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Red or black spots of Nails

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By Medicover Hospitals / 26 Feb 2021
Home | symptoms | red-or-black-spots-on-nails
  • A narrow black line that has formed vertically under the nail is called a splinter hemorrhage. It occurs for a variety of reasons and perhaps harmless or a sign of a more serious health condition.
  • Article Context:

    1. What are Red or black spots on the nails?
    2. Causes
    3. Diagnosis
    4. Treatment
    5. When to visit a Doctor?
    6. FAQ's

    What are Red or black spots on the nails?

  • The red or black spots may be splinter hemorrhages associated with endocarditis. It can look like a splinter of wood under the nail. The condition is caused by small damaged blood vessels under the nail. Features include:
    • It is black or reddish-brown
    • Does not change appearance when you apply pressure to the nail
    • Appears in one or more places under the nail
    • It can also be skin cancer such as melanoma or squamous cell cancer
  • The thickest lines that create a horizontal stripe on the nail are called Beau's lines. They are usually not harmful, but they can be a symptom of cancer called subungual melanoma.
  • Causes:

  • Splinter hemorrhages can develop after injury or trauma to a fingernail or toenail. Bumping a toe or injuring a toe can damage blood vessels along the nail bed in the affected toe and cause bleeding under the nail.
  • If you did not hurt your toe or finger, the bleeding may result from conditions that can damage blood vessels. The underlying conditions can include:
    • Bacterial endocarditis: Bacteria in the bloodstream travel to the heart valve
    • Vasculitis: Damage to the blood vessels caused by inflammation
    • Systemic diseases: Systemic diseases cause inflammation in blood vessels, such as rheumatoid arthritis, nail psoriasis, lupus, scleroderma, peptic ulcer, malignant neoplasms
    • Fungal Nail Infection: Infections can lead to thinning of the nail bed and possible damage to blood vessels
    • Diabetes: High glucose levels can damage blood vessels
    • Raynaud's disease: Fingers and toes become over-sensitive to cold, which can damage the capillaries in the nail bed.
    • Cholesterol: The accumulation of this substance in the blood vessels of the nails can cause damage.
  • Splinter bleeds can also occur as a side effect of certain medications, such as nonsteroidal anti-inflammatory drugs. These drugs can cause bleeding when taken in high doses.
  • Diagnosis:

  • Your doctor may ask about your medical history and your family medical history. To determine the cause of splinter hemorrhages, laboratory procedures used include:
    • blood culture (detects bacteria or fungi in your blood)
    • complete blood count
    • erythrocyte sedimentation rate (detects inflammation in your body)
    • Your doctor may also order imaging tests to look for abnormalities. These include a chest X-ray and an echocardiogram, which takes pictures of your heart
  • A hemorrhage under the nail is often a symptom of cancer called melanoma. If your doctor suspects a malignancy, he or she will recommend a biopsy to determine if the dark spot is cancerous or benign.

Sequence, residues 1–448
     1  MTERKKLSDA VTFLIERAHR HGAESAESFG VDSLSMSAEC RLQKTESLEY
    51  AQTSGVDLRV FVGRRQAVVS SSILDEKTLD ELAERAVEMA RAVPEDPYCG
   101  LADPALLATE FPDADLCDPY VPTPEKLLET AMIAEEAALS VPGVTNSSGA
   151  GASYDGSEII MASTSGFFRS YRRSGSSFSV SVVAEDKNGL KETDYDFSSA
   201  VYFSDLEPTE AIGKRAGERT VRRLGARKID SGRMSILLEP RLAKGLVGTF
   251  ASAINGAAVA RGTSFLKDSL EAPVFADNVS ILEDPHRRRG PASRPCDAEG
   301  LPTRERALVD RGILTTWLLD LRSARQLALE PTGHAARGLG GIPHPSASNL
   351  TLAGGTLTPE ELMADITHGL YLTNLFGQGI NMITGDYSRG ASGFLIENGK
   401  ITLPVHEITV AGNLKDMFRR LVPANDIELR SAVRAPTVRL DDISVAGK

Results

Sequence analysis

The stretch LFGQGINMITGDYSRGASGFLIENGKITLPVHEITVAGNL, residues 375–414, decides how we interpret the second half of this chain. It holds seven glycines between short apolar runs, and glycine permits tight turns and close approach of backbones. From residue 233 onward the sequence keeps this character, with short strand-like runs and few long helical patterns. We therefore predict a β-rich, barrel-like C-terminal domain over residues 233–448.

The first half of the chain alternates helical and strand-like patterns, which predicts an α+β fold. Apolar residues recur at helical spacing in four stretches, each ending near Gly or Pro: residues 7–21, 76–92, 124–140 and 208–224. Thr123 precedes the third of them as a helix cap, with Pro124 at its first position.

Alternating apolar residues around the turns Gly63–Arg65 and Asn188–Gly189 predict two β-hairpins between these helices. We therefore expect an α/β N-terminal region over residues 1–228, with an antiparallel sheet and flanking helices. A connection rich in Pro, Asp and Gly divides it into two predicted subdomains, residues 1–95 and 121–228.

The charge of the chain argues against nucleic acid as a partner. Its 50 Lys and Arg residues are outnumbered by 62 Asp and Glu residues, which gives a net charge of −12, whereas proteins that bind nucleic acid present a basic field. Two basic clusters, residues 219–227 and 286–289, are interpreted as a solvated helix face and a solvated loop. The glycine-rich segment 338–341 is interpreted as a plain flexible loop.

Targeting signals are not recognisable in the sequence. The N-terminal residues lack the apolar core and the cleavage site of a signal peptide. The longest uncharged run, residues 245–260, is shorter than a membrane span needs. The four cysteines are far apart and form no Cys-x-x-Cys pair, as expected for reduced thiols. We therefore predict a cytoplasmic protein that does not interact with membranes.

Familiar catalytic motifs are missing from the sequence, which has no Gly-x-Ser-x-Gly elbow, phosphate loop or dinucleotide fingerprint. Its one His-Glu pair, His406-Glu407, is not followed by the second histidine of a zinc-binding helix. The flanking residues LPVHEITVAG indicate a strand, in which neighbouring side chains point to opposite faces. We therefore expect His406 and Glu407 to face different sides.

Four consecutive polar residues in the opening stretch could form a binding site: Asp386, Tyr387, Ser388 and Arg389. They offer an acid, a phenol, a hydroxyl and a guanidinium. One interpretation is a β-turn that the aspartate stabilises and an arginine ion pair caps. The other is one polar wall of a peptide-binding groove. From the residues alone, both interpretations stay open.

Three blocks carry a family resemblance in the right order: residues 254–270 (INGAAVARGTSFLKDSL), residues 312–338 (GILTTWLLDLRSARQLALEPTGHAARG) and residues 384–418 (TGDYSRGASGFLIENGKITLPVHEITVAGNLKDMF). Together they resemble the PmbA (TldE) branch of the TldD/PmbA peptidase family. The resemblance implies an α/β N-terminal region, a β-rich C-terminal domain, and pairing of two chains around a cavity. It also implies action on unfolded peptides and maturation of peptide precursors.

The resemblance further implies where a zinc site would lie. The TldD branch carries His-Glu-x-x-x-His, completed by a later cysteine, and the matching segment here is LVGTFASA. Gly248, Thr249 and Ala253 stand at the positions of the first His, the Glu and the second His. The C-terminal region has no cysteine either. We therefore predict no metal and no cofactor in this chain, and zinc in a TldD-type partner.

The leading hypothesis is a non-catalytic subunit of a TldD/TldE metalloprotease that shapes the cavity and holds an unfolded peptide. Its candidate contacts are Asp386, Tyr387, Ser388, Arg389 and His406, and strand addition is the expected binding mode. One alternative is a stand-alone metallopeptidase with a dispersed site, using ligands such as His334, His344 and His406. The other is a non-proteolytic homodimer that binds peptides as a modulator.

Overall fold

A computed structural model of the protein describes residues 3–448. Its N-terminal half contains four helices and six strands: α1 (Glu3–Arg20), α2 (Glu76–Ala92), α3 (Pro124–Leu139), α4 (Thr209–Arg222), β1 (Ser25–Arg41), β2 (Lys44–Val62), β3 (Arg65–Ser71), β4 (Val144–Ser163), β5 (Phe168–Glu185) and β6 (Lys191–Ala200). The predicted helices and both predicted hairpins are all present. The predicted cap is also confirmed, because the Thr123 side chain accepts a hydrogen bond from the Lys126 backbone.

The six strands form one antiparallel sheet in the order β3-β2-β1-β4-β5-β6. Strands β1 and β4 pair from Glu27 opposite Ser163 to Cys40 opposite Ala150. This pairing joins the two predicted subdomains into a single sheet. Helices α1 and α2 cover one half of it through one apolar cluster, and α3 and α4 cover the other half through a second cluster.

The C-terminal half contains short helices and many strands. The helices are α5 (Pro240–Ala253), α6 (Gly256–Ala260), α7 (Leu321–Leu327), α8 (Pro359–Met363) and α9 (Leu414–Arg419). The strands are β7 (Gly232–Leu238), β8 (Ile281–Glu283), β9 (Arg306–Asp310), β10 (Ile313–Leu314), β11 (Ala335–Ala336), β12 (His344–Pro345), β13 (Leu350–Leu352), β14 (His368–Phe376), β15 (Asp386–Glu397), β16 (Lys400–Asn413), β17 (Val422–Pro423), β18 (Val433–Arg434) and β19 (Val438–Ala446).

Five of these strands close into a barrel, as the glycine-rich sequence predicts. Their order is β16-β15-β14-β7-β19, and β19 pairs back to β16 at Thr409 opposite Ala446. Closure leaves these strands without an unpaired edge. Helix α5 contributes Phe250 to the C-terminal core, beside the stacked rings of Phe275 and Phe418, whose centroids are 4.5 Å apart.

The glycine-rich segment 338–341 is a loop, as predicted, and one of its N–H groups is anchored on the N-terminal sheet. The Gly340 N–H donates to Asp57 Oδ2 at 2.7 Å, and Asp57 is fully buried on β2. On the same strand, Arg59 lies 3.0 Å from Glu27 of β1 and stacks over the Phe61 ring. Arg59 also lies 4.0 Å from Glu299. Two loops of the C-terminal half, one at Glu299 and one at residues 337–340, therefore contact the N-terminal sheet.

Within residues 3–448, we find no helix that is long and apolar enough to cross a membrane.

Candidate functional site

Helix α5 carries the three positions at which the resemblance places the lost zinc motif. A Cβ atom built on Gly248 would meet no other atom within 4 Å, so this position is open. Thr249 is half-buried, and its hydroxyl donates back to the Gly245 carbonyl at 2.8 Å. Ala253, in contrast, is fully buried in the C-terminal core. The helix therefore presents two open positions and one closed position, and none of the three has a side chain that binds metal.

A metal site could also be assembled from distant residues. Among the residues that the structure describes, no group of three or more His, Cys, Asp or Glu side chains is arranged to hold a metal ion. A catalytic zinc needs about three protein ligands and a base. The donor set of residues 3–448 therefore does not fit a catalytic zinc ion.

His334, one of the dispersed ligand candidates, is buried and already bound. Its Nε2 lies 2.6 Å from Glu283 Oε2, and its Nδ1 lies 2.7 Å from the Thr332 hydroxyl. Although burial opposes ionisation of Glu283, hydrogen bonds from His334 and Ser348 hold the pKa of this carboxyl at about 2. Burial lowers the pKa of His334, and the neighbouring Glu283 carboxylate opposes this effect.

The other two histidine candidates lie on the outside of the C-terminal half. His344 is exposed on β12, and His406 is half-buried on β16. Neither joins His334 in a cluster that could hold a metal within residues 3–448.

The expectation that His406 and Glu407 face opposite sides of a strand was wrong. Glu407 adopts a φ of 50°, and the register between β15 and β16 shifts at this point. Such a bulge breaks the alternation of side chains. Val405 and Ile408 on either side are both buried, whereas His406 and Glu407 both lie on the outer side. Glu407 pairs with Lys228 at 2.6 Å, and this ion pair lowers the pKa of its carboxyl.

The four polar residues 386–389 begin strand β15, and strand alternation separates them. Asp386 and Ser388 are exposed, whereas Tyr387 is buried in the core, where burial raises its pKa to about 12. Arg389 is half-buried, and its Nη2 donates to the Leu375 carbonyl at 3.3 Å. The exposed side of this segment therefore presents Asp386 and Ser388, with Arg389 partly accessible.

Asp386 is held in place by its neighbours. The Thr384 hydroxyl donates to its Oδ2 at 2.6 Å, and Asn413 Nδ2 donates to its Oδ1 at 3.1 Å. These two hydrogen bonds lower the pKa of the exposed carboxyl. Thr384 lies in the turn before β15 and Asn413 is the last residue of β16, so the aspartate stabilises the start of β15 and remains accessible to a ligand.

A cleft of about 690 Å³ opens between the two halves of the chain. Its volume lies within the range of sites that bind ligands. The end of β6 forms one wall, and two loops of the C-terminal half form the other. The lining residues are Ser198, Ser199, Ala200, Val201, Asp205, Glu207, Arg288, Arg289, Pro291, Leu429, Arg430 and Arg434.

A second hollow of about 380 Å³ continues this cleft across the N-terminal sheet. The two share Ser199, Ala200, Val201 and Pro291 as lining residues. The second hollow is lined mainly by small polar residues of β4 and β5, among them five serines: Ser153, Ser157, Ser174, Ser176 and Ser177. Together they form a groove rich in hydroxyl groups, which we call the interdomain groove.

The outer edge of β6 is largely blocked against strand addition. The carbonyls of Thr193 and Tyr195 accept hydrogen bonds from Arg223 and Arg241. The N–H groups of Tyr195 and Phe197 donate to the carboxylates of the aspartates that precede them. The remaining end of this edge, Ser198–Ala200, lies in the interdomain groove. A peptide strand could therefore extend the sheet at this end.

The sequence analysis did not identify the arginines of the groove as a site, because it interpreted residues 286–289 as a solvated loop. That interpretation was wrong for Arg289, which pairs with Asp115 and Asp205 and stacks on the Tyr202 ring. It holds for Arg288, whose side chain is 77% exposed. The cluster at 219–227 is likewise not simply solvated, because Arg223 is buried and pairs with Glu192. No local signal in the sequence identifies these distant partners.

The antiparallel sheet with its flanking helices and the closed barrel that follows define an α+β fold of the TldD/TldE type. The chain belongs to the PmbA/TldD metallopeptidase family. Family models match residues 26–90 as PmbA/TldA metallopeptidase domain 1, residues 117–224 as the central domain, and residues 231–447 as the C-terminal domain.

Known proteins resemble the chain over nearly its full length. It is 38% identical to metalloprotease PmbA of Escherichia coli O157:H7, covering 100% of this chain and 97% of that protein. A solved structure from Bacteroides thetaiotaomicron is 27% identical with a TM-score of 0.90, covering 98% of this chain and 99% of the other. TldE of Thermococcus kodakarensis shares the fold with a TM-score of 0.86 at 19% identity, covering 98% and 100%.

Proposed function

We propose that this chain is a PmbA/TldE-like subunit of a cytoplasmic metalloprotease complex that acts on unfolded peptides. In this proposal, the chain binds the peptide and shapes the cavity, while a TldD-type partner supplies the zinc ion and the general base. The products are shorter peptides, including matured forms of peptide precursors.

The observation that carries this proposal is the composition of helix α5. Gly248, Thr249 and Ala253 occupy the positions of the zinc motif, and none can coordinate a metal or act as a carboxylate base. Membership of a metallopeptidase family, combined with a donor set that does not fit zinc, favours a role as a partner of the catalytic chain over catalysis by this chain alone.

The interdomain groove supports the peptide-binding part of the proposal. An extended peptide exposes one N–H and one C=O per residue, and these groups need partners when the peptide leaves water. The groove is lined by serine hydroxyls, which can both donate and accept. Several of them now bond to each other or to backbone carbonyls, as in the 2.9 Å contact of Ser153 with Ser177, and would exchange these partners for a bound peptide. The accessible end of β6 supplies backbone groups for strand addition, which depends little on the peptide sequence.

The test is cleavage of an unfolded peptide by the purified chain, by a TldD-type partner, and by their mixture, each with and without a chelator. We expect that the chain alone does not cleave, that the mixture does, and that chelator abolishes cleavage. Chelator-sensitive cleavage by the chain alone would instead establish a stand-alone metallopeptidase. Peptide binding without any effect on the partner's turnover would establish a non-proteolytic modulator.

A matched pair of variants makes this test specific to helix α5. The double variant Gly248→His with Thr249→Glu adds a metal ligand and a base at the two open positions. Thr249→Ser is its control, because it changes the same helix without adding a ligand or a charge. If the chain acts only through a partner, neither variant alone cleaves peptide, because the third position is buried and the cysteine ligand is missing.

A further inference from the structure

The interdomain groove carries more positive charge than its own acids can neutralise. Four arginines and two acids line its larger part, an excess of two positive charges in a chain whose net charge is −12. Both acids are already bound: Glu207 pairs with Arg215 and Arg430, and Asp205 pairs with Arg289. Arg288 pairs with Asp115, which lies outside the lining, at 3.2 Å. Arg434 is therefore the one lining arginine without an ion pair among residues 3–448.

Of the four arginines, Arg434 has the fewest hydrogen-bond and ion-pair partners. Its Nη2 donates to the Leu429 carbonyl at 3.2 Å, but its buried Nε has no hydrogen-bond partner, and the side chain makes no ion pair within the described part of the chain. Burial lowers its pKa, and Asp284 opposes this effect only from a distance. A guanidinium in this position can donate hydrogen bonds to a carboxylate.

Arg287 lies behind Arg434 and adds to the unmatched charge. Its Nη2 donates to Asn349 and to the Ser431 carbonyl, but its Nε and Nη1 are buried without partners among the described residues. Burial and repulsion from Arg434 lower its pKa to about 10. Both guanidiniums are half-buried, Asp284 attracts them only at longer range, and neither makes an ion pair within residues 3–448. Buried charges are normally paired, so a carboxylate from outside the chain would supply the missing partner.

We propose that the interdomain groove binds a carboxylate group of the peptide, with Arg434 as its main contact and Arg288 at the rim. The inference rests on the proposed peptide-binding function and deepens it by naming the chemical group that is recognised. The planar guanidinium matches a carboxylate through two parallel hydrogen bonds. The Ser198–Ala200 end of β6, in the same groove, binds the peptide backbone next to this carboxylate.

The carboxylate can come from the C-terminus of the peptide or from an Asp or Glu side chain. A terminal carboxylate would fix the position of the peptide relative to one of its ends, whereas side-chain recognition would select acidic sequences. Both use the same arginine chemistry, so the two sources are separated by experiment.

• Treatment:

  • Treatment for splinter hemorrhage will vary depending on the underlying cause of the condition. Sometimes, you may not need any treatment and the splinter hemorrhage will grow with the nail.
  • If the splinter hemorrhage is a sign of another medical condition, see your doctor for treatment. You can visit the doctor for help if the splinter hemorrhage is a symptom of some medical problems that are quite different, so there is no standard treatment to improve the nail condition Endocarditis, for instance, involves antibiotics and probably surgery. Psoriasis is a chronic disease that requires multiple topical and oral medications, and prevention methods.
  • When to visit a Doctor?

  • It is especially important to see a doctor if a person has a painful, bleeding nail or changes with no known cause. Besides any of the following symptoms:
    • fever
    • petechiae, which are pin-sized red "spots" on the skin
    • joint pain
  • A person should consult their doctor if they notice changes in the quality of the nail, such as thinning, cracking, or differences in shape.
  • Frequently Asked Questions:

  • Splinter hemorrhages are usually a harmless event that can temporarily alter the nail beds.
  • Splinter hemorrhages have also been observed in association with anemia, trichinosis, chronic glomerulonephritis, vasculitis, psoriasis, scurvy, juvenile cirrhosis, high altitudes, eczematous eruptions, fungal nail infections, rheumatoid arthritis, mitral stenosis, septicemia, malignant tumors dialysis.
  • For example, even a fungal infection of the nail (onychomycosis) can lead to small splinter hemorrhages in the nail bed. Another common condition that can cause splinter hemorrhages from the nail bed is nail psoriasis.
  • Movement of your body can cause a splinter to "pop open." The action of immune cells that migrate to the area also achieves this result, although this can cause localized pain.
  • Never squeeze a splinter as this can cause it to break into smaller pieces that are more difficult to remove. Use a small needle to remove the splinter. You may use a small needle to extract it if the whole splinter is lodged under the surface. First, sterilize the needle and a pair of tweezers with isopropyl alcohol.
  • Citations:

  • JAMA Network - https://jamanetwork.com/journals/jamainternalmedicine/article-abstract/571583
  • Science Direct - https://www.sciencedirect.com/science/article/abs/pii/S0190962203032778
  • Wiley's Online Library - https://onlinelibrary.wiley.com/doi/abs/10.1111/ijd.13347